Bagpipe Lessons; private or group class setting

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Vintage Pipes?

Let's get neglected bagpipes back into the hands of the next generation.  Let's get old bagpipes sounding great again!

Have a set of vintage pipes in your attic, garage, or cellar?  Wondering what to do with them?  Wondering if they are able to be restored, or if they are even worth restoring?  Please contact me and I'll try and find out an answer for you.

You may call or text me at 402-217-8170 to get the conversation started.  Better yet, send an email through the "Contact" page of this website and we can establish an email correspondence about what you have and what you'd like to do with your old pipes.  I buy vintage pipes at a fair price.  I can also get most pipes in playable condition for you.

If you have an old practice chanter, let me know.  I buy practice chanters, too.  My students are needing and looking  for practice chanters.

If you are nearby and want to bring them in, I'll take a look at them.  I am based in Lincoln, Nebraska.


Dave McCleery

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Private One on One

Bagpipe Lessons/Instruction

I teach Piping at Southeast Community College, and offer private one-on-one lessons in my home. All that is required is a practice chanter and determination to start. My fee is $15 for a half hour, and $25 for an hour.  For beginners a half hour to an hour lesson once a week is usually more than adequate.  Please contact me through the contact page of the web site if interested.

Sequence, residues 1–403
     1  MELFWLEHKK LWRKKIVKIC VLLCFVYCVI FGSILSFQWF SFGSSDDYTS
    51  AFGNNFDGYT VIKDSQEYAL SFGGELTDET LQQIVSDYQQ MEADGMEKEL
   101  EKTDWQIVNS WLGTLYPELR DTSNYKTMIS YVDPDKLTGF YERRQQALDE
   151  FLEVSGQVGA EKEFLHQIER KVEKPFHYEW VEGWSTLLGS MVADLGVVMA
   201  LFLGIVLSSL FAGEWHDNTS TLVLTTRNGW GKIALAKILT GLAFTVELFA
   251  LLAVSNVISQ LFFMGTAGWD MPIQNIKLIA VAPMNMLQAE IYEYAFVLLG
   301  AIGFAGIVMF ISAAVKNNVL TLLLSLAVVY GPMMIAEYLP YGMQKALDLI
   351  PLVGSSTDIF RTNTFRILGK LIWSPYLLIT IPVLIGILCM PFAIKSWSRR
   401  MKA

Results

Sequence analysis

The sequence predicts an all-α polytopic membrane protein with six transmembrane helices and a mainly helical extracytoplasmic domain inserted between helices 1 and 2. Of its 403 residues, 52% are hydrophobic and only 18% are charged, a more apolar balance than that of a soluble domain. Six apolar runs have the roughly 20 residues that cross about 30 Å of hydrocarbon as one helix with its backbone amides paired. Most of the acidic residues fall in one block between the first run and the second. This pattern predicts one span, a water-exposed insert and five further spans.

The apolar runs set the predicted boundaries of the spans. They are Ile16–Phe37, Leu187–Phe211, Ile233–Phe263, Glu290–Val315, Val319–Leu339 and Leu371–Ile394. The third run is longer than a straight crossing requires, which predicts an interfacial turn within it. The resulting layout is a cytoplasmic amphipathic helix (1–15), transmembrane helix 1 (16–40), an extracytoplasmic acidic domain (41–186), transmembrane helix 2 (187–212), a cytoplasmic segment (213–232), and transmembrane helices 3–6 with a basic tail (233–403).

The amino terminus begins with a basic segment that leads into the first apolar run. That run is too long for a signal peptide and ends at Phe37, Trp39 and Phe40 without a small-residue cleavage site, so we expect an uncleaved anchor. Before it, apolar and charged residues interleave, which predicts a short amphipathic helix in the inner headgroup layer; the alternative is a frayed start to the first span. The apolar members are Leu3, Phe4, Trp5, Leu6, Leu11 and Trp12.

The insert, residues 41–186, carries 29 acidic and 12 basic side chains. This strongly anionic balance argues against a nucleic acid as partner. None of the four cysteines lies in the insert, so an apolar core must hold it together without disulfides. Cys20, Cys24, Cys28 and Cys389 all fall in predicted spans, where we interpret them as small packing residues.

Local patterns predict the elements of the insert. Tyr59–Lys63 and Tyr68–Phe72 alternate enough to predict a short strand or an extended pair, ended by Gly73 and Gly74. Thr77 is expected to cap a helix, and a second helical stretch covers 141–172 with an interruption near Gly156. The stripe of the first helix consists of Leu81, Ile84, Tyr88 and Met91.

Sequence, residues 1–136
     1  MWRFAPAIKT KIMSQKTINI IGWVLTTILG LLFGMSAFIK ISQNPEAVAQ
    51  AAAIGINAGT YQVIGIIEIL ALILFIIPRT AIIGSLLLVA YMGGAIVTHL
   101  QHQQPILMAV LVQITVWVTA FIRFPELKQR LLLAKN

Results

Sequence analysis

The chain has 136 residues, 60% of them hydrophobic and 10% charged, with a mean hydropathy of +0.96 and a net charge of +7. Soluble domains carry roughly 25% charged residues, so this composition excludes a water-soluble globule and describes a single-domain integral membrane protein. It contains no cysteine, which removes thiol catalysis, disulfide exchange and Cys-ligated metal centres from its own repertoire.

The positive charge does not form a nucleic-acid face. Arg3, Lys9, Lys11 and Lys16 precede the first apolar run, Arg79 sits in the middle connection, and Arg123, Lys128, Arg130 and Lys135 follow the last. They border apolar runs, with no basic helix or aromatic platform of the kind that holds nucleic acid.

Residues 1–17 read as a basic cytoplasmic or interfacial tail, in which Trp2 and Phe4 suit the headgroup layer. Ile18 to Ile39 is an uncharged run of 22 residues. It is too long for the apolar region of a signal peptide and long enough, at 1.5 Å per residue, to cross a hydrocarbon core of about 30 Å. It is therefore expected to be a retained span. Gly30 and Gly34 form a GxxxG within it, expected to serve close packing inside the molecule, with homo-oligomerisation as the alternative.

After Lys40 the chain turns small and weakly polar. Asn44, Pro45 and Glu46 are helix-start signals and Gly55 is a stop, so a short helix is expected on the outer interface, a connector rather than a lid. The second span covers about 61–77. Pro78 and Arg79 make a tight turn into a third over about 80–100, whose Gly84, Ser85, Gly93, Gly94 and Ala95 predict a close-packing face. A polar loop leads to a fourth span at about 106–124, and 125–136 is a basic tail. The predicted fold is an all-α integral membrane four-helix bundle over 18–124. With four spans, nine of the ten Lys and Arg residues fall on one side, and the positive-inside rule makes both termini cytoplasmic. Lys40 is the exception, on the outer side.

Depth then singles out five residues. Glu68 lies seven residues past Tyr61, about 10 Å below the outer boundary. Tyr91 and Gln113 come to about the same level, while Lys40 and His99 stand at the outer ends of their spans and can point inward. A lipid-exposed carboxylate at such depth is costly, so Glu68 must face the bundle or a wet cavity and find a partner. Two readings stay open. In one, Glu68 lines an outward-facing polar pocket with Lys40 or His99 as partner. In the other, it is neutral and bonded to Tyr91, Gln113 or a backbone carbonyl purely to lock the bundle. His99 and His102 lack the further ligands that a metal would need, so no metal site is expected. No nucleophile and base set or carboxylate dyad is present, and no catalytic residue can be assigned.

The Bagpipe is a difficult instrument. Good instruction is essential and a lot of adults have learned to play.  By combining patience and perseverance with an intelligent approach anyone can learn to play the bagpipe.

 The pipes are not an instrument you pick up on your own, no matter how many other instruments you play. They are a very technical instrument with a sophisticated system of gracenotes. Written tutorials do not always steer you clear of pitfalls.

To make significant progress, you should be prepared to practice in a very focused way for a minimum of 20 minutes a day at least 5 days a week. Students who work the hardest and spend the most time practicing are the ones who advance the quickest. Talent is only part of the equation; hard work is the key.


You do not start with a set of bagpipes. Instead, you will start with a practice chanter, which is a small recorder-like instrument that is quiet and also more affordable. In the first several months, you will begin by learning the fingering and gracenoting system required to play Highland Bagpipe tunes.

Practice Chanters

Practice chanters come in two sizes: regular and long. Practice chanters can be made out of polypenco (also called delrin), which is basically plastic or they can be made out of various hardwoods. The long chanter has finger holes the same distance apart as those on the bagpipe chanter. Younger children often start on the shorter version. Some companies offer a child's chanter. Chanters made from rosewood are inexpensive and readily available over the internet for purchase, but they are cheaply and not very carefully crafted.  The finger holes are odd sizes, small, and are difficult for first learners to feel with their fingers. They often sound bad, they tend to squawk and sometimes are way out of tune.  You get what you pay for, and my students that purchase them don’t enjoy their practice as much as they could.. To see a full line of practice chanters search of any number of reputable online bagpipe suppliers. Expect to pay $60.00 and up for a decent practice chanter.

Please contact me with any questions! Use the contact page of this site, or call/text 402-217-8170.


Dave McCleery